The first question most agents ask prospective brokers is: What are your fees? It’s a valid question, but there are better questions that can be posed in more valuable ways to evaluate a potential brokerage before discussing fees.

Whether you are a new agent looking for the first place to hang your license or an experienced agent contemplating a move, compensation plans are an important part of the decision-making process. In addition to commission splits and caps, compensation plans also include the fees agents pay to brokerages.

In my experience, the first question most potential agents ask is: “What are your fees?” It’s a good question, but I believe there are better ones to ask and more valuable ways to evaluate a potential brokerage before discussing fees.

Business plans

This one is more of a soul searcher, but let’s start at the beginning. Real estate agents are self-employed, which means their money-making activities are self-directed. For many agents, that direction is laid out in a business plan.

Having a business plan is an important step in evaluating compensation plans. Without understanding your financial goals, it’s difficult to evaluate the various financial investments you make in your career — such as brokerage fees — to achieve that plan.

Business plans should be built around your strengths. If you haven’t asked yourself “What are my strengths?” this is a great time to do it.

Are you a great networker but not confident in your marketing abilities? Are you a great negotiator but you struggle with budgeting? Identifying gaps in your game can help you pinpoint the type of support you need from a brokerage.


So that leads to the first question I recommend asking a potential broker: How will you help me meet the goals I have outlined in my business plan?

Full-service brokerages have dedicated staff available to help agents refine their business plan and build in the expenses needed to achieve targets. Most also provide training to help develop skills and schedule personalized accountability coaching to help agents execute their plan.

In contrast, limited-service brokerages don’t have the personnel to provide this level of support and instead rely on mass-produced training programs and videos.

When evaluating the type of support a brokerage provides, agents can ask:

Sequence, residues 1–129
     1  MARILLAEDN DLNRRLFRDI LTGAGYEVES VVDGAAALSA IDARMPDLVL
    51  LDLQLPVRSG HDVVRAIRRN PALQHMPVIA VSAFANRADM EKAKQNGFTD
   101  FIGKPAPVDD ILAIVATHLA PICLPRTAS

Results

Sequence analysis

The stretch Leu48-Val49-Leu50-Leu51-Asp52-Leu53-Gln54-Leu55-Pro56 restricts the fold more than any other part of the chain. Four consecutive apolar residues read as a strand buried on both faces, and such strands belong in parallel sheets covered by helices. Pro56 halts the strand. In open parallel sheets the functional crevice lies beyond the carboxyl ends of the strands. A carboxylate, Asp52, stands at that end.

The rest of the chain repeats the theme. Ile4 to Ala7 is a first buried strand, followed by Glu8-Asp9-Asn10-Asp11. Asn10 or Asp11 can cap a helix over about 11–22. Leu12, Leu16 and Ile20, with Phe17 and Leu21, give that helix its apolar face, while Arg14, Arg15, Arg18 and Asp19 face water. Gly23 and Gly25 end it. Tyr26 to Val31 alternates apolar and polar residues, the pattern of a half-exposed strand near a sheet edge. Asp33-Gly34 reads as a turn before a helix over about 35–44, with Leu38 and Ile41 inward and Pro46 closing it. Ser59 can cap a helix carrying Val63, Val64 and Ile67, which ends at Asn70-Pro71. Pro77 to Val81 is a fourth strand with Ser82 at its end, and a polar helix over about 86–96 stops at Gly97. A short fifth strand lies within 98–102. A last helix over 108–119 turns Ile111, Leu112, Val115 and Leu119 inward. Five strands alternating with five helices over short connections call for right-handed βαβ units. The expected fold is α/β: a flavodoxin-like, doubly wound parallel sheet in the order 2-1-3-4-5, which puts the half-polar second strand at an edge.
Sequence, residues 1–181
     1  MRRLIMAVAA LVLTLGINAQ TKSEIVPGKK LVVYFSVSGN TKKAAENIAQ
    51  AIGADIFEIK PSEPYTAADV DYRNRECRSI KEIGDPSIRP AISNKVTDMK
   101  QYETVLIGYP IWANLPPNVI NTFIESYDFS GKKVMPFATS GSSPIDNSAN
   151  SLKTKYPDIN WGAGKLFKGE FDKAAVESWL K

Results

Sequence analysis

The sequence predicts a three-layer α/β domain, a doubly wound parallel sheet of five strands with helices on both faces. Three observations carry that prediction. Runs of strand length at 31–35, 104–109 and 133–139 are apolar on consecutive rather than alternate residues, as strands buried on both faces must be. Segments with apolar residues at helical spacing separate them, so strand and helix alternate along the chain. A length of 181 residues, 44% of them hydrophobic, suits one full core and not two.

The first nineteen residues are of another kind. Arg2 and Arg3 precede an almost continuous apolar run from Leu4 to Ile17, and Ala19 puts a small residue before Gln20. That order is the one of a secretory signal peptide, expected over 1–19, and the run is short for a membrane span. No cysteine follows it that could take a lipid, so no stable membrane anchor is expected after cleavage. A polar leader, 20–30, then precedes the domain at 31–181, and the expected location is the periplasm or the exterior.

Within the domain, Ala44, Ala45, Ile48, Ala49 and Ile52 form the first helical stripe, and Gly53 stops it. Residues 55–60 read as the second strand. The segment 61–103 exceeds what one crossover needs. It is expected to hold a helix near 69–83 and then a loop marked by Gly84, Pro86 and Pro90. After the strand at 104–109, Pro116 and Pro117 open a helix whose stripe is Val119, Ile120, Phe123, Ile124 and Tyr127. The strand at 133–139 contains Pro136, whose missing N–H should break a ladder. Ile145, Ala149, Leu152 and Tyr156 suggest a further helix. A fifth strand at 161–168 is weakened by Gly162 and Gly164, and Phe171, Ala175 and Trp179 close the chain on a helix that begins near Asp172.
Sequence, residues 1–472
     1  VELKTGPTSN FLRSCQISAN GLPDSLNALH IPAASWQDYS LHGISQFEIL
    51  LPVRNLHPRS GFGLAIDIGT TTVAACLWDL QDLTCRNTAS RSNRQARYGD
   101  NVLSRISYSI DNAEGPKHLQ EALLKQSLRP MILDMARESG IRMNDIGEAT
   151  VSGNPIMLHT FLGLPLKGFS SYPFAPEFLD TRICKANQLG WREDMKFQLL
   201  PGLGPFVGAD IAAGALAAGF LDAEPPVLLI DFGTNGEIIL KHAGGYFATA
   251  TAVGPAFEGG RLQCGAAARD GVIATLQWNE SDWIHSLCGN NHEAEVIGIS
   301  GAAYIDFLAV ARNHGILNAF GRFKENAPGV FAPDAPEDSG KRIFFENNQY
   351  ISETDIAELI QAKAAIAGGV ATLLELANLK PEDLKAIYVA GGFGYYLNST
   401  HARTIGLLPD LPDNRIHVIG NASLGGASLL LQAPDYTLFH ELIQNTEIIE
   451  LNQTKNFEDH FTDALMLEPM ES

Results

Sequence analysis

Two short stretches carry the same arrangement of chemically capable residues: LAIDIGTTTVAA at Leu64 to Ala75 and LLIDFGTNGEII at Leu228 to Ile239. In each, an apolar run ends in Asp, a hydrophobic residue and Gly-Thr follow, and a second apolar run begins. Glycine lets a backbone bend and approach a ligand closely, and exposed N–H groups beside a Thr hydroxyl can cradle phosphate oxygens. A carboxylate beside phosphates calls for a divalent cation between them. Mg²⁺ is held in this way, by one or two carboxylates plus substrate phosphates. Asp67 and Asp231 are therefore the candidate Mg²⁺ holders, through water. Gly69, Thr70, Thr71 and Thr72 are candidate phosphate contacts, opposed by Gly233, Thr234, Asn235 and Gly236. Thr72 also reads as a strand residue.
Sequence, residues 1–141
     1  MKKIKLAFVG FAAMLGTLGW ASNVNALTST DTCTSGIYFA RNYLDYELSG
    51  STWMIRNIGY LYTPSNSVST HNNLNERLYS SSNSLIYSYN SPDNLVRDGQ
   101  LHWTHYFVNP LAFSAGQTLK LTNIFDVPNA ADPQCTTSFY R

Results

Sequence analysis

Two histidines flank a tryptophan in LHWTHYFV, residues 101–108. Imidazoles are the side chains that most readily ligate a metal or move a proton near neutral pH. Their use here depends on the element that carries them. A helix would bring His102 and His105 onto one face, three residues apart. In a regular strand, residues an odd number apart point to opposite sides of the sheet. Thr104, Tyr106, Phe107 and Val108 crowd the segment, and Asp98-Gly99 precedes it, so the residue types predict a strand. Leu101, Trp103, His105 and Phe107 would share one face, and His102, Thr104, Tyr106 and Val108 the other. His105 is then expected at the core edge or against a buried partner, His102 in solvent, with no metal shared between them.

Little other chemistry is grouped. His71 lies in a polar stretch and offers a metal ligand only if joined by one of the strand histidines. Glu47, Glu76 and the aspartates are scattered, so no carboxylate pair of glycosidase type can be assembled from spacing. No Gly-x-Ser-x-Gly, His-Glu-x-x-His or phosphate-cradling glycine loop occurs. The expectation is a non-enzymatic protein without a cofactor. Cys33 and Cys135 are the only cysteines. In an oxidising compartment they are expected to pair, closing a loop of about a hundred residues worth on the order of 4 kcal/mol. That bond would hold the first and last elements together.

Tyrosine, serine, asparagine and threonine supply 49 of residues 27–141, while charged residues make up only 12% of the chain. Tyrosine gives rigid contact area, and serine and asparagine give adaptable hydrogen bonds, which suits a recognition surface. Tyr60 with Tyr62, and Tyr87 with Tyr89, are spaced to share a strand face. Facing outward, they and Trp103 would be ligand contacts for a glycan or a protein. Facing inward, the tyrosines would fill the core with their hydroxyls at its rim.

• What is the staff-to-agent ratio for support services at your firm?
  • How many on-site people do you have for agent support services?

Knowing this number can help determine if a brokerage views its relationships with agents as a partnership or as a transaction manager.


The next question an agent should ask a potential broker relates to productivity. Getting an idea of how many deals agents do, broken down by experience level, should give an indication of how well the brokerage is developing its agent roster. Ask:

  • What is your average per-person productivity?
  • What about at my experience level?
  • How does that relate to the market overall?

As I said at the start, if you have a production goal in mind — units, volume or take-home pay — you can have a good conversation about productivity, and more importantly, you can have an “apples-to-apples” look at what different brokerages can provide to get you there.


Being in business for yourself doesn’t mean you have to go it alone. Brokerages that foster a culture of collegiality understand that together we can do more. Look for an environment in which people are willing to share what they know. Ask:

You can also ask to speak to a few agents to get their points of view.


By now, you should have gathered a great deal of information about the brokerage, and you can ask your final question, which is, yes, about fees. At this point, you will have a sense of the level of support the brokerage is providing, and you can determine if you believe it’s worth the investment in the fee structure.

Newer agents should expect to pay more in fees because they typically need more support. That said, experienced agents still need a brokerage that will help them sustain and grow their business, but because they need less support, their fees might be lower.

At either level, compensation plans should have variations that reflect the level of support provided as well as offer rewards for higher productivity.

At the end of the day, fees should not be viewed as a number but as a value. If the return on your investment is deemed high, then the fees have a potentially high value. With any business, what you put into it directly relates to what you get out of it.

Nick Malouff is the President and CEO of Better Homes and Gardens Real Estate BloomTree Realty in Prescott, Arizona. Connect with him on LinkedIn

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